Out west the fire fight continued, the Allies had success when Eugène’s artillery decimated the Bavarian Cuirassiers, but this was promptly followed by the destruction of Eugene’s leading Danish infantry unit. Casualties were now Allies 7, French 7, and both sides morale were only the loss of 1-2 units from breaking (the French now having a very small advantage). Back in the centre the staunch remaining French infantry unit volley fired into the remaining Allied cavalry and emptied their saddles – with that loss the Allied morale collapsed and the battle was over… The French had won, just, what was likely an improbable victory two-thirds of the way through the game, having come back from the Allies having ~47% of their Morale to the French’s 17% for the French to have survived with the 17% remaining when the Allies reached 0%. Final casualties were Allies 8/17, French 7/19, plus the French had had both positive and negative morale events. Excluding set-up we’d completed the whole battle in just under 2 hours playing time.
Thoughts & Musings
Was it Fun? Yes. Did it feel like 18th Century or War of Spanish Succession? Yeah, pretty much I think. Was it Historical? Hard to say. But it was an interesting learning experience, and due to the enforced historical deployment presented a whole new series of challenges under Maurice (e.g. the dispersed multiple small forces of units – compare our two previous games mentioned at the start of the post). It also did have a touch of that ‘old school’ kinda charm you associate with Charles Grant, Brig. Peter Young, etc…
Do it again? I think it actually worked okay as a refight – it was heavily ‘bathtubbed’. We used an 8’ x 5’ table – ideally you’d probably want to do it on about a 10’ x 6’ table allowing about 24 Infantry & Cavalry units a side (and 3-4 Artillery), which would give a little more flexibility in the deployment, and I’d suggest the 2 or 3 units representing the French reserves to the South-East of Blenheim being off-table (their entry being controlled by a compulsory event card, but one which includes say a 50% chance they will automatically march in column straight into Blenheim village at the urgings of Lieutenant General Philippe, Marquis de Clérambault). I’d also suggest there needs to be an objective of some kind in Blenheim itself to provide an incentive for the Allied troops to actually enter – in Maurice moving into or through towns is hard work and very disruptive, so no one will voluntarily do so unless they get to deploy already garrisoning such to start with. We made some arbitrary decision about where units went (in fact while the Allies were fairly straight forward Cam and I didn’t completely agree over the French but Cam graciously acceded to my view of things at the time), the reserve unit immediately behind Blenheim, and the one in the back half of Oberglau obviously both being pretty wasted and ineffective. We both expected the Allies to really struggle pre-game, yet afterwards it seemed the Allies had a fairly easy chance of success, and the French struggled principally due to their deployment being especially difficult to manage under Maurice – but then perhaps that’s historical in a roundabout way…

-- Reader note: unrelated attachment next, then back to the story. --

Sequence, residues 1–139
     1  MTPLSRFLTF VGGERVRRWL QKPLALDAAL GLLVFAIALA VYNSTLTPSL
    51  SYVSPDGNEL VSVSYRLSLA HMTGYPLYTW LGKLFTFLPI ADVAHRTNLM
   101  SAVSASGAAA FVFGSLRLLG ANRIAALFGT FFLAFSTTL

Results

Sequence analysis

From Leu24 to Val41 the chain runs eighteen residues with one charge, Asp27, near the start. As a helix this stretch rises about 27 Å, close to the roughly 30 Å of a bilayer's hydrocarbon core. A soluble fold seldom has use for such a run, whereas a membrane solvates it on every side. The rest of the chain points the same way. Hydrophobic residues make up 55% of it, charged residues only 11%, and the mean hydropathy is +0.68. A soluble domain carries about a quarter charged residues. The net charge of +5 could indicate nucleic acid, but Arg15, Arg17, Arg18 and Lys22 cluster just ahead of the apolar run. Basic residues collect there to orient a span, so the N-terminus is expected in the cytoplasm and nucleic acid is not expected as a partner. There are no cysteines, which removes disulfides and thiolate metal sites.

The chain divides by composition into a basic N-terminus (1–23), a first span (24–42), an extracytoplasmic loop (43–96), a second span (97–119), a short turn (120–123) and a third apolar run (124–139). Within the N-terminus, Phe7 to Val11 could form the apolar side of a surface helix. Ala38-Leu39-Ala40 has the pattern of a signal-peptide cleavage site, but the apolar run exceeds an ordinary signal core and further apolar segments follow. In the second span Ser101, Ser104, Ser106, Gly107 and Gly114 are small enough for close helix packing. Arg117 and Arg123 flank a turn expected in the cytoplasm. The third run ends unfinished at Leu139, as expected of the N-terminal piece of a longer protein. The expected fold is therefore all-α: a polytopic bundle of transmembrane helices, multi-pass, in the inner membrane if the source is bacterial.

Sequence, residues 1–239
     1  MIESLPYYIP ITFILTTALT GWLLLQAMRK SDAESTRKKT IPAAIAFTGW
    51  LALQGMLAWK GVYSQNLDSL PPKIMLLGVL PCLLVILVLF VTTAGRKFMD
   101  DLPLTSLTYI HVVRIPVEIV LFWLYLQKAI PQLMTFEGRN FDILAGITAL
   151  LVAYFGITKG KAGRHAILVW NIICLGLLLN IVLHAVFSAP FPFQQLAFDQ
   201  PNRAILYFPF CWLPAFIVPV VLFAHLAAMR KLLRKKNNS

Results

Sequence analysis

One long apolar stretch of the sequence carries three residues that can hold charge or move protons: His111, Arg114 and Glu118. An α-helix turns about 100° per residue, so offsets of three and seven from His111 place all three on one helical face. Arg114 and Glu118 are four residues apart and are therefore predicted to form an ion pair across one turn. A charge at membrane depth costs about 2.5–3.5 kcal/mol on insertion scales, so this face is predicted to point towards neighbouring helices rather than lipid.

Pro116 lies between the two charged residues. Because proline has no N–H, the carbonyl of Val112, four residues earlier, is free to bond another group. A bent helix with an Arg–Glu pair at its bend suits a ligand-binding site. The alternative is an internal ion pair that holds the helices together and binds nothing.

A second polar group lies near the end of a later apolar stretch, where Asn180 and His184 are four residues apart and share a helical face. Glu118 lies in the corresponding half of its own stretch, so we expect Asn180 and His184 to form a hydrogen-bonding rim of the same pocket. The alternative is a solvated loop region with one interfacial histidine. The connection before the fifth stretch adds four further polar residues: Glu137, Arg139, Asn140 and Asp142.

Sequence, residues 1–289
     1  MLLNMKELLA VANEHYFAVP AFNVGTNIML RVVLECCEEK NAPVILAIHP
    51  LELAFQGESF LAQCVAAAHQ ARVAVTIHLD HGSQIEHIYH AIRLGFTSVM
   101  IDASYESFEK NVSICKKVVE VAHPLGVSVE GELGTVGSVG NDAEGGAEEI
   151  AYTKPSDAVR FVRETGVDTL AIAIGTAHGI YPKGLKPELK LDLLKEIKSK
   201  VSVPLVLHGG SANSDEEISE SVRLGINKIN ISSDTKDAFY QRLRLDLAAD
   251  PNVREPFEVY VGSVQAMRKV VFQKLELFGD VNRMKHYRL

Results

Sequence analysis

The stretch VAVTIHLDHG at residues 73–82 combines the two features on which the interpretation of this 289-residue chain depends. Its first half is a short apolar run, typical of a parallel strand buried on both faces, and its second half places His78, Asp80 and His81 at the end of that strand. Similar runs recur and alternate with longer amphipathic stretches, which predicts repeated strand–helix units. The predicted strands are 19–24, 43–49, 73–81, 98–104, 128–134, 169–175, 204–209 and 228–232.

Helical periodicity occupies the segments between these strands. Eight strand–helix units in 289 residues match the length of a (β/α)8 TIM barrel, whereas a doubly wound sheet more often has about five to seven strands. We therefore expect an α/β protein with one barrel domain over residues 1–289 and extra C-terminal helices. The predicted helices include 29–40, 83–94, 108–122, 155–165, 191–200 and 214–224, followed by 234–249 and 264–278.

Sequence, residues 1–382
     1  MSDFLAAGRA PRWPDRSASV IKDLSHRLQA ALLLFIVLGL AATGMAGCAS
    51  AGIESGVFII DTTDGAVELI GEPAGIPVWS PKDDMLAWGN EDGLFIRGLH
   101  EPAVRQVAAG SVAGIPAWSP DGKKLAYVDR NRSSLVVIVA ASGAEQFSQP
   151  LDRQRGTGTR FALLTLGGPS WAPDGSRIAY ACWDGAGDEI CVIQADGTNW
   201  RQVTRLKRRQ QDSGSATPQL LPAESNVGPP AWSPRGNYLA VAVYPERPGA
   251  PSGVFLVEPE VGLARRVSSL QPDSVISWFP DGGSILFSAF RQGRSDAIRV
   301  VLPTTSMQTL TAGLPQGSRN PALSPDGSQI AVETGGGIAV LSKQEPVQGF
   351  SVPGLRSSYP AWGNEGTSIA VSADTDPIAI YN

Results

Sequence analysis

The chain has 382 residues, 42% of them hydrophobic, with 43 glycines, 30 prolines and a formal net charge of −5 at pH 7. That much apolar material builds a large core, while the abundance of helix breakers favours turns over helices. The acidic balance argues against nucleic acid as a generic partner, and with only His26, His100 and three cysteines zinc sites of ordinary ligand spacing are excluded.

Getting back to Maurice the “That’s Not On The Map” magic terrain card can be pretty decisive – as Cam says it might get old quickly – it probably will need to be something that’s removed from the deck for some games so it doesn’t always appear every game every time… We were much more dynamic with our C-in-C’s – burning a card to relocate them regularly to where your key action is is the right way to operate – and changes the way you view he cards (e.g. activation spans become less critical). The cavalry still seemed a bit stodgy, but it’s not unhistorical, Blenheim was never a battle where large sweeping cavalry attacks occurred on the flanks, but some sizable charges did occur in the centre and on Eugène’s flank – which we struggled to replicate. The actual historical mix of cavalry actually seems at odds too to the battle accounts, so it’s hard to say what’s really a historical result… One major positive for me is I think this game marked an initial watershed for getting my head around the rules and mechanics – I started thinking quite dynamically about where to focus effort, and maximise effect, and where necessary to hold off a charge for a round and rally instead to rebuild my hand, then charge, rather than risk a combat with a depleted hand an no way to activate units afterwards if it went wrong… Still have figured out when you’d use Bombard with artillery though… (need to play a game with 3-4 artillery units concentrated together in a large battery).
Read More: We gave Blenheim a second bash a week later…